Method: Mix the arrowroot smoothly with a little cold milk, bring the remainder to boiling point, put in the flavouring ingredient, and infuse for 20 minutes. Strain the milk over the blended arrowroot and stir, replace in the stewpan, sweeten to taste, and boil gently for a few minutes. Rinse the mould with cold water, pour in the preparation, and put aside until set. Serve with stewed fruit, jam, or cold custard sauce. Takes about 35 minutes to make.
Ingredients: 2 bananas, 1 quart of milk, 2 ozs of cornflour, 2 ozs of castor sugar, 2 yolks of eggs, 1/2 a teaspoonful of vanilla essence.
Method: Mix the cornflour with a little milk, boil the remainder, add the sugar and blended cornflour, and simmer gently for 5 minutes. Let it cool, add the beaten yolks of eggs, and stir by the side of the fire until they thicken. Now put in the bananas thinly sliced, and the vanilla essence, and pour the preparation into a wetted mould. Takes 35 minutes to prepare.
Ingredients: 1 oz of patent isinglass, sugar to taste, 1/2 a pint of cream, 1 pint of milk, 1 wineglassful of sherry, 2 or 3 thin strips of lemon-rind.
Method: Soak the gelatine in the water for 1/2 an hour, then add the lemon-rind, and simmer gently until the gelatine is dissolved. Strain into a jug containing the yolks of eggs, add the wine and lemon-juice, and sweeten to taste. Place the jug in a saucepan of boiling water, stir until the contents thicken, and, when cool, pour into a mould rinsed with cold water.
Ingredients: 1 pint of milk, junket powder, or 1 dessertspoonful of essence of rennet, 1 teaspoonful of castor sugar.
Method: Warm the milk (the exact temperature should be 98F, the natural heat of the milk), put it into the bowl or deep dish in which it will be served, add the sugar, and stir in the rennet or junket powder. Let it remain in a moderately warm place until set. The amount of junket powder required is stated on the wrapper; its use may be recommended in preference to the liquid essence, which, in consequence of its, varying strength, is uncertain in its results. Takes about 1 1/2 hours to coagulate the milk.
Ingredients: 1 pint of new milk, 1 dessertspoonful of brandy, 1 dessertspoonful of castor sugar, 1 teaspoonful of prepared rennet, whipped or clotted cream, ground cinnamon or grated nutmeg.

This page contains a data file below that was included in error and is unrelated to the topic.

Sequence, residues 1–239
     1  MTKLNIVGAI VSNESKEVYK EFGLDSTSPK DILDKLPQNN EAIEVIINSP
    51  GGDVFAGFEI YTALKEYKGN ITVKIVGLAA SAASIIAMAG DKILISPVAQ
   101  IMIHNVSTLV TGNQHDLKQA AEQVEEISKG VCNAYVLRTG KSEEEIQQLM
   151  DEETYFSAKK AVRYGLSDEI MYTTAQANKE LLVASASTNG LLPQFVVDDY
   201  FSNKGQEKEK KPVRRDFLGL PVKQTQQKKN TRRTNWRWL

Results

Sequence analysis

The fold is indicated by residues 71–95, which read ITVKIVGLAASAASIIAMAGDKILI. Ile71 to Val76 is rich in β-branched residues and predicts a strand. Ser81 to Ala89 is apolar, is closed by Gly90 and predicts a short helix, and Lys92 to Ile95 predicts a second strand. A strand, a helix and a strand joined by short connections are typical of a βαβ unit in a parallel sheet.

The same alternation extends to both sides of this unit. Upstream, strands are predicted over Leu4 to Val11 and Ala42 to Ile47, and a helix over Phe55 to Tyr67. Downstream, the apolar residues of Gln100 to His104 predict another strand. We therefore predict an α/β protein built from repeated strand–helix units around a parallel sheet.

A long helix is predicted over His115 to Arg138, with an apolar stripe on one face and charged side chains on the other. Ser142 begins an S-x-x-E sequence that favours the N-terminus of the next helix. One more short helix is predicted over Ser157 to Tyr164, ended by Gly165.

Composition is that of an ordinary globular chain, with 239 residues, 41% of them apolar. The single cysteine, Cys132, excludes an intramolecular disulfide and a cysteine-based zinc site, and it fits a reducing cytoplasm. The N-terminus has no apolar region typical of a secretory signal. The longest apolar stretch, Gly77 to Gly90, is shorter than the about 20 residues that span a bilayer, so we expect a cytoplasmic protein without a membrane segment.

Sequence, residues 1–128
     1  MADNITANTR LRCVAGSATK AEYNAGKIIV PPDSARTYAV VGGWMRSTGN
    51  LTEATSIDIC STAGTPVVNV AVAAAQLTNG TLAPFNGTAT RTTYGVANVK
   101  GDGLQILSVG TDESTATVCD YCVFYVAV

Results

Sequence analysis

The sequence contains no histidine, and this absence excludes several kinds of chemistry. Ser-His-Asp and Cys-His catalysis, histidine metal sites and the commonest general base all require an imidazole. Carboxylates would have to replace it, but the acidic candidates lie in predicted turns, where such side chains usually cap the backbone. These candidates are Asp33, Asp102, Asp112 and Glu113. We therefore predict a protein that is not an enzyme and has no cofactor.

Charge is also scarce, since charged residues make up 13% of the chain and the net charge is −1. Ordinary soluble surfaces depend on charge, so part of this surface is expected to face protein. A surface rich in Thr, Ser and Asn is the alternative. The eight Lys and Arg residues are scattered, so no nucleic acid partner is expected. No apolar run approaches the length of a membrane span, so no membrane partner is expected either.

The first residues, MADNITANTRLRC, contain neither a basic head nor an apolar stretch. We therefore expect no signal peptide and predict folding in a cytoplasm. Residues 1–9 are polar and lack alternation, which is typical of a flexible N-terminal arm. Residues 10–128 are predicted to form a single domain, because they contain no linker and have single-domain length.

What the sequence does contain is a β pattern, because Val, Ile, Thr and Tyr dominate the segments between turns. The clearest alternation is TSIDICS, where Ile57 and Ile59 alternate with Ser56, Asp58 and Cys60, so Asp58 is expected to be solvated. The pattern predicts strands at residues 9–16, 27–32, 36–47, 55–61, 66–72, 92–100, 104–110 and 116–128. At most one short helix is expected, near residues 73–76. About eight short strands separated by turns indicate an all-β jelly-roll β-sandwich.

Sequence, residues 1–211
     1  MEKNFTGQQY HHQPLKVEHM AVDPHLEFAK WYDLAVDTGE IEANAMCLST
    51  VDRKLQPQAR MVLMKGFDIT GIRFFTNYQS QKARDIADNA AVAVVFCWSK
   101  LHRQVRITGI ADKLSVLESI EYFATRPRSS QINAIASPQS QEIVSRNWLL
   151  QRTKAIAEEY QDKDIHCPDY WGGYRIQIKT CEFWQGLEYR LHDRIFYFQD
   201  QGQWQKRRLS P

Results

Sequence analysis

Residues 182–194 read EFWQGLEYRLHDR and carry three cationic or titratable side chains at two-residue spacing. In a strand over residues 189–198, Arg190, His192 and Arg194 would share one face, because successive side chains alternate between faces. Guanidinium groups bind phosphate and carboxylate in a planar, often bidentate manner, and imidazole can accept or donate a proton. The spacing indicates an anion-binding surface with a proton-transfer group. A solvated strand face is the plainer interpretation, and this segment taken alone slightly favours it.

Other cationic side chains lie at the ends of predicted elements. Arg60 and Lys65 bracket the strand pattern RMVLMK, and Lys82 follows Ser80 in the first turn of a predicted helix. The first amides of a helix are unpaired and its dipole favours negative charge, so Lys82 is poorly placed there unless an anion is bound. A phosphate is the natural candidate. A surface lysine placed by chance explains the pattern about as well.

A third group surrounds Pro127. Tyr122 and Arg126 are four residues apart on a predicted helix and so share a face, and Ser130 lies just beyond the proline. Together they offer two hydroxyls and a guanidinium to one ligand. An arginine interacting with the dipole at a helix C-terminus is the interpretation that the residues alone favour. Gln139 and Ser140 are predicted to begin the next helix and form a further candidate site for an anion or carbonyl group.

Method: Heat the milk to about 80F and stir in off the fire, the sugar, brandy, and rennet. Pour this preparation into a deep dish, in which it will be served; put it aside until set, then cover the surface with either whipped or clotted cream, sprinkle on a little cinnamon or nutmeg and serve. Takes 2 hours to make.
2 thoughts on “Jelly, Blancmange & Junket”
Gah! You’ve got in there before me! I was planning to do a jelly and blancmange post. I shall have to wait a bit now so yopu don’t think I’m copying you…
Sorry about that. However, there is so much more to write on the history of jelly and blancmange, certainly enough for you to do another article, no problem. Alternatively you could do a piece on flummeries and syllabubs. I had originally planned to add these two puddings to the jelly and blancmange article but didn’t really have any suitable images to illustrate. A couple of suggestions there for you. I promise that I am not going to write any more articles on jelly, blancmange, flummeries or syllabubs, the floor is yours! Do check-out Ivan Day’s fantastic historic food website (http://www.historicfood.com/Syllabub%20Recipes.htm), he is so inspiring and also has a good section on syllabubs and possets which may be of interest to you, should you decide to go down this route.
My next batch of articles are on Tudor living, historic bathing, the 1960s – including cooking, medicinal herbs and cooking with foraged plants, prehistoric cooking, World War Two – to tie-in with BBC’s new Wartime Farm series which will also include a section on the wartime kitchen and also a couple of new items on American Civil War Medicine. Hope that helps with your article planning and avoiding overlaps!
Look forward to reading what you write.
LikeLiked by 1 person